Strained relations: the effect the relationship between Lyndon Johnson and Robert Kennedy on contemporary American liberalism

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Abstract

The paper focuses on the 1963 transition from Kennedy to Johnson and the role played by Robert Kennedy in the early months of the Johnson Presidency. It discusses Johnson’s handling of the transition and how his actions over the 1964 campaign and convention may have antagonised RFK and his supporters and further poisoned an already difficult relationship. Through the lens of this strained relationship the paper looks at the genesis of LBJ’s liberal programme and traces the events which led in 1968 to the repudiation of Johnson’s administration in “one of the greatest summersaults of political history” (White, 1969: 464). It addresses the key question of how Eugene McCarthy and RFK changed American liberalism in the guise of ‘new politics’ and questions the reality of Hubert Humphrey’s apparent move to the right in his Vice-Presidential years.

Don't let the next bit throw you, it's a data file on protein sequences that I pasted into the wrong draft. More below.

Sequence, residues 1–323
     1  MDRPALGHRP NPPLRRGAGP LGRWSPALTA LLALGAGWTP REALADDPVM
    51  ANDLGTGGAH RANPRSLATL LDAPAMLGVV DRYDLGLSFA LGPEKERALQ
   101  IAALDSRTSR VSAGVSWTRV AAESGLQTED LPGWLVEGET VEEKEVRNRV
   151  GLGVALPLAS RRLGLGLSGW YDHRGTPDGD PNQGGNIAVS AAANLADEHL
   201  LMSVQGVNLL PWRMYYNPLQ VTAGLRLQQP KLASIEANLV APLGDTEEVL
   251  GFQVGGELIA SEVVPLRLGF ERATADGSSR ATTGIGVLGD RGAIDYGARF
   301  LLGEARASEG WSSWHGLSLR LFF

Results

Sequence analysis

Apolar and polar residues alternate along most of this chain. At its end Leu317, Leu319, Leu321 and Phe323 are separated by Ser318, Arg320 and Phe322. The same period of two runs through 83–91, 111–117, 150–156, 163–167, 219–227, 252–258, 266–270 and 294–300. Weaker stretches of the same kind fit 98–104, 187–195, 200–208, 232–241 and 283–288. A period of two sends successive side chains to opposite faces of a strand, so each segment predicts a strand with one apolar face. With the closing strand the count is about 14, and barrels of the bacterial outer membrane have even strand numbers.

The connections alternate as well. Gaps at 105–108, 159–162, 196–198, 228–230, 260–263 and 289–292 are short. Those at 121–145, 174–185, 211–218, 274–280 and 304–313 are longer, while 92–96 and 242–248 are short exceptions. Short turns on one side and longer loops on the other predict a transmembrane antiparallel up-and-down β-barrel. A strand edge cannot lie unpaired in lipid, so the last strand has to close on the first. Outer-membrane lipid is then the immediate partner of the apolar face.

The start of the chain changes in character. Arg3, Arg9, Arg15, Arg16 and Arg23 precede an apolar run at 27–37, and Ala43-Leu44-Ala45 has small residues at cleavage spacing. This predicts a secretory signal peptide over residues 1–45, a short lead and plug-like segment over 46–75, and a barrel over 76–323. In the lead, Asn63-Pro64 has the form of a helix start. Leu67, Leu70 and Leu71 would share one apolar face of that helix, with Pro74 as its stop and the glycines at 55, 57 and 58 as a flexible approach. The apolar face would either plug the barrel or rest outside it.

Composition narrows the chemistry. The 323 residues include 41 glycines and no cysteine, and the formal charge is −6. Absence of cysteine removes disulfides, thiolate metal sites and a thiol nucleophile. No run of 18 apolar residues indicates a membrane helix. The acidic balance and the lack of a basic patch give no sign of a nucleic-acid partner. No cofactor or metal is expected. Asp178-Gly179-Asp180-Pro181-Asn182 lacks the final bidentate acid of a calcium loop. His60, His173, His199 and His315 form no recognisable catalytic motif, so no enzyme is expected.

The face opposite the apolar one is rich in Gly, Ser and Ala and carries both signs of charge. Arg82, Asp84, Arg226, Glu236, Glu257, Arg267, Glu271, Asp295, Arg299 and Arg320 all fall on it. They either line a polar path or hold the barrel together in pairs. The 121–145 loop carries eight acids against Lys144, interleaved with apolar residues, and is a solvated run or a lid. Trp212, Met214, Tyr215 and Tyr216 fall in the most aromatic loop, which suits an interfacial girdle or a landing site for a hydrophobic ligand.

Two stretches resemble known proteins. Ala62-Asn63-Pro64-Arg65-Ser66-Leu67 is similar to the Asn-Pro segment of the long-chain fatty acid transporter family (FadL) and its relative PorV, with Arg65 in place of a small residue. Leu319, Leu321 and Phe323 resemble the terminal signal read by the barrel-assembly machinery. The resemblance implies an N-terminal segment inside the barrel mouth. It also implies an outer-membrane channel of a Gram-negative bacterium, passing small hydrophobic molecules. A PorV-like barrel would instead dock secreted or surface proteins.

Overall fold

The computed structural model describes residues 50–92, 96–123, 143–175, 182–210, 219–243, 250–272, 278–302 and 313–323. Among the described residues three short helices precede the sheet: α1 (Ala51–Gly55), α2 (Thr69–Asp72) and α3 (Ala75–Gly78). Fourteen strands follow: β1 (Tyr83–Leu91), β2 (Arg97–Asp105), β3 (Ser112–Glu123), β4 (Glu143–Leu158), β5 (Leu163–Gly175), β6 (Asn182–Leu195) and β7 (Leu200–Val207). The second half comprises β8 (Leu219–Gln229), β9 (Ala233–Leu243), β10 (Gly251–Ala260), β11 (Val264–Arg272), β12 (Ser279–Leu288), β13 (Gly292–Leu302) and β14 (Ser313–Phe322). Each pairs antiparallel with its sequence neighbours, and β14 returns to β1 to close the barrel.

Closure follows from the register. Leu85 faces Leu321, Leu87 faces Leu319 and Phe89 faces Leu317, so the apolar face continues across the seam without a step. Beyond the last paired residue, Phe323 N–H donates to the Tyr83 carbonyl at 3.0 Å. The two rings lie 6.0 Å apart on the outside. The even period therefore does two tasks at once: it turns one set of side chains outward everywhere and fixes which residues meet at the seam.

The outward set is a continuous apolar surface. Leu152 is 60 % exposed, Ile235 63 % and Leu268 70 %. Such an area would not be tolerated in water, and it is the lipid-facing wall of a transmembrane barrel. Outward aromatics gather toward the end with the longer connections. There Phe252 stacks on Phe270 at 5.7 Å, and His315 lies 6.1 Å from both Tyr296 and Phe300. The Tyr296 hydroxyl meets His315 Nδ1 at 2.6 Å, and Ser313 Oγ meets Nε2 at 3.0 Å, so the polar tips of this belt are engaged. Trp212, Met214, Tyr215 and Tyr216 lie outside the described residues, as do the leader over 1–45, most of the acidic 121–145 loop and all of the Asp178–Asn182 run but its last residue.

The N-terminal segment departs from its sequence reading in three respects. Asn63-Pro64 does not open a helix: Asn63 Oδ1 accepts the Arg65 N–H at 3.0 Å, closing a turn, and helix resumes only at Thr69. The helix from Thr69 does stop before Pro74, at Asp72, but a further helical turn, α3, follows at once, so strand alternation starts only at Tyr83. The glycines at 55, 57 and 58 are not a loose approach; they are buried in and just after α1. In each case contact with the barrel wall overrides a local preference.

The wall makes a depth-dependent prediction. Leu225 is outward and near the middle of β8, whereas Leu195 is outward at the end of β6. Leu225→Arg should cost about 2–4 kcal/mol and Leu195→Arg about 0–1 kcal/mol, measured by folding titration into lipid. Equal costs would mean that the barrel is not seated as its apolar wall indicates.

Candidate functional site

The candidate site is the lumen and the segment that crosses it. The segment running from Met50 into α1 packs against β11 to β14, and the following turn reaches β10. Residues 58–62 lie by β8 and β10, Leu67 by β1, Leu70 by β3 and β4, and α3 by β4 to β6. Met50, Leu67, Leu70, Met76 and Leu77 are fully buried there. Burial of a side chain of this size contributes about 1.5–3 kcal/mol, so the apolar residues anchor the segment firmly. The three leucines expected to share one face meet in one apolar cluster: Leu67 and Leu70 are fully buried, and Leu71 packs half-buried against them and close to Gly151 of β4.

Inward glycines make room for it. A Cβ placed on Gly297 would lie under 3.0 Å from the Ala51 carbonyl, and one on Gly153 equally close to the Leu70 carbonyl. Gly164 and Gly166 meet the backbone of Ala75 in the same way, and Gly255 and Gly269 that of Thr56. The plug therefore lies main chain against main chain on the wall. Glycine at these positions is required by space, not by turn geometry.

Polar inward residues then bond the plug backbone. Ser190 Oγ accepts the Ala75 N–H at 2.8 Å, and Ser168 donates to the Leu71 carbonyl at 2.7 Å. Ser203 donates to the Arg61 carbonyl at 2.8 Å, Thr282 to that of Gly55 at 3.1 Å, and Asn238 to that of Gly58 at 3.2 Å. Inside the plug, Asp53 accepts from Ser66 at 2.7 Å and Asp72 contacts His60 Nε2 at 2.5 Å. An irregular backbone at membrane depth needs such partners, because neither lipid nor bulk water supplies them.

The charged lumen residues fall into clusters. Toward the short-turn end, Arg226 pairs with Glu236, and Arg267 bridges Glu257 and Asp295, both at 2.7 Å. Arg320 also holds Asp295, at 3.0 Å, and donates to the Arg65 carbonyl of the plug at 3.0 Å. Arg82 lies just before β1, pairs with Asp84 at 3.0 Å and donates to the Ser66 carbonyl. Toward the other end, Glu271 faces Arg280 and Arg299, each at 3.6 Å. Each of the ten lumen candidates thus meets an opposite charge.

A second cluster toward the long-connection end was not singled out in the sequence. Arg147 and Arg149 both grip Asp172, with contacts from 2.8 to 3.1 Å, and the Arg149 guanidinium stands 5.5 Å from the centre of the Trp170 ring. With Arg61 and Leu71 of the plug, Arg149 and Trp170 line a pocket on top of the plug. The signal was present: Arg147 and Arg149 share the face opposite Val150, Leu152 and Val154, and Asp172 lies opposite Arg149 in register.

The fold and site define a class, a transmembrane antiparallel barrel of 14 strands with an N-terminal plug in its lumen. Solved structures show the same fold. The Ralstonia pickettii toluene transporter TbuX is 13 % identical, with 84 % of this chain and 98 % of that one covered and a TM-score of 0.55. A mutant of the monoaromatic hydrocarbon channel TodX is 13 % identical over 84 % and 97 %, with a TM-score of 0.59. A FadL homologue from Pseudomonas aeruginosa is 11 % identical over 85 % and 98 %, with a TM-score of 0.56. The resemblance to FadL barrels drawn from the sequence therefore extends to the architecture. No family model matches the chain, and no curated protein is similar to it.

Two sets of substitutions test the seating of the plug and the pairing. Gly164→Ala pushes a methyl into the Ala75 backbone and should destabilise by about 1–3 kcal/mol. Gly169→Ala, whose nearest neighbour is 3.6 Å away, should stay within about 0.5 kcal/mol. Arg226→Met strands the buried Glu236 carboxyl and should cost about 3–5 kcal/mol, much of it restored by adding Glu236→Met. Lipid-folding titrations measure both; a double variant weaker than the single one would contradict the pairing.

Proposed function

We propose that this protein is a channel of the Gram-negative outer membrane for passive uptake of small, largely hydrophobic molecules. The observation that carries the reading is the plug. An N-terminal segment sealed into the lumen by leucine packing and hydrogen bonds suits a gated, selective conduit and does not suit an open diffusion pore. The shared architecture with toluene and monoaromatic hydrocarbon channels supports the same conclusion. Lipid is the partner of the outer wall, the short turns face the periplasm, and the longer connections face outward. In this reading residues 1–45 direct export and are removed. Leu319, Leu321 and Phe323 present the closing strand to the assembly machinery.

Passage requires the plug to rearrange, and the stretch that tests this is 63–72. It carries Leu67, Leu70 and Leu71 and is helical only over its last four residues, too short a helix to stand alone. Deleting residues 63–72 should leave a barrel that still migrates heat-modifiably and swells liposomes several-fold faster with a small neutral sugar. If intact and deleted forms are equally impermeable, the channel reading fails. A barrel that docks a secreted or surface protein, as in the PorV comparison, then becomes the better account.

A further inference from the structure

Original languageEnglish
Publication statusPublished - 18 Apr 2013
Event2013 British Association for American Studies 58th Annual Conference - University of Exeter, Exeter
Duration: 18 Apr 201323 Apr 2013

Conference

Conference2013 British Association for American Studies 58th Annual Conference
CityExeter
Period18/04/1323/04/13

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Bradshaw, C. (2013). Strained relations: the effect the relationship between Lyndon Johnson and Robert Kennedy on contemporary American liberalism. Paper presented at 2013 British Association for American Studies 58th Annual Conference , Exeter, .